Published on 7 October 2019
Storms this strong don’t typically make it this far east. But Lorenzo has not been a normal storm — it has been a record-breaker.
Lorenzo was a tropical storm last Monday, tracing a northwesterly route from the coast of West Africa. By Wednesday, it was a hurricane. And on Saturday night, it gained Category 5 status, with maximum sustained winds of around 160 miles per hour.
“This is something totally unusual for this kind of environment,” said Miguel Miranda, the president of the Portuguese Institute of the Sea and Atmosphere, which is supervised by the government’s Ministry of the Sea. — Credit: National Hurricane Center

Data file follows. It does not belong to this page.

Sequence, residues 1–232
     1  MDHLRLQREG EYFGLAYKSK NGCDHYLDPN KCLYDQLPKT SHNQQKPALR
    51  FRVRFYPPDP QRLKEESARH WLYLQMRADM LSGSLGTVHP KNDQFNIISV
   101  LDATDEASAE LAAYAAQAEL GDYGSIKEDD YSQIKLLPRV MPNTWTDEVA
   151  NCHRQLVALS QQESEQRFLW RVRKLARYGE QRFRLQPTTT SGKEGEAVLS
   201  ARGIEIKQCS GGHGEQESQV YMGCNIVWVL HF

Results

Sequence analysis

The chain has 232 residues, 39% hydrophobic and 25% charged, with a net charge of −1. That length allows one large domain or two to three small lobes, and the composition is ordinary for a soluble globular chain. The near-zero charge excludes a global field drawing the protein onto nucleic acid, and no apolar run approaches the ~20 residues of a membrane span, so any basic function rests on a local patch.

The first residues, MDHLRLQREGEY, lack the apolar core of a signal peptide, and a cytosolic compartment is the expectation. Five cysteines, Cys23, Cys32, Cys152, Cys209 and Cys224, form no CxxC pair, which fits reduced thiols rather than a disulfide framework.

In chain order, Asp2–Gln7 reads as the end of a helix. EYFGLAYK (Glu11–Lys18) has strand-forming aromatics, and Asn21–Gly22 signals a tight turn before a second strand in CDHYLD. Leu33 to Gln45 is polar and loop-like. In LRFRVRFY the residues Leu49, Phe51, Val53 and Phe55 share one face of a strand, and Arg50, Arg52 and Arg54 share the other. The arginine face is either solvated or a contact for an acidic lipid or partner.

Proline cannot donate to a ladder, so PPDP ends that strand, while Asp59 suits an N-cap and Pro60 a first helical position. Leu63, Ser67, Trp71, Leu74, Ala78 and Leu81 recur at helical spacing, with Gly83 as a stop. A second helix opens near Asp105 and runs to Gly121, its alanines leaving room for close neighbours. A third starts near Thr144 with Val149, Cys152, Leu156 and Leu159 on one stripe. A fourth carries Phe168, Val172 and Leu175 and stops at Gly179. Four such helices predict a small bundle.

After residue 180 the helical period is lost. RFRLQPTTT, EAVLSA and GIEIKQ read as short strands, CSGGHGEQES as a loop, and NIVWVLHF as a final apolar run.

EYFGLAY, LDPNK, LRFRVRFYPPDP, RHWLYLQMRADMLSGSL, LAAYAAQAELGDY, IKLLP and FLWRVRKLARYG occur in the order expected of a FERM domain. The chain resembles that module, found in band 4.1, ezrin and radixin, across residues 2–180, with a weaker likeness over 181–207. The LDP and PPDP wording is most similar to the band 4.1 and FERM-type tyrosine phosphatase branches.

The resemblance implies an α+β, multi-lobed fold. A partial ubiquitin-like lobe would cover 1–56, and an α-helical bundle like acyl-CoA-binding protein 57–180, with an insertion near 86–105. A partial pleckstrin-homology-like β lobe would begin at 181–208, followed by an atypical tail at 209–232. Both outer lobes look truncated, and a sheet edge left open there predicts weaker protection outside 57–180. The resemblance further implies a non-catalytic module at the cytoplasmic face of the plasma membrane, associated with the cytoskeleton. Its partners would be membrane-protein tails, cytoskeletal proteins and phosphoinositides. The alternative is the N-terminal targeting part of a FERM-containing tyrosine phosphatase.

At the time, it was about 1,420 miles southwest of the Azores, an archipelago of volcanic islands in the middle of the Atlantic Ocean and a protectorate of Portugal, which is about 850 miles to the east. The nine major islands are home to about 250,000 people.
No Category 5 storm had ever been recorded that far north and east in the Atlantic, according to Andrew Latto, a hurricane specialist at the National Hurricane Center.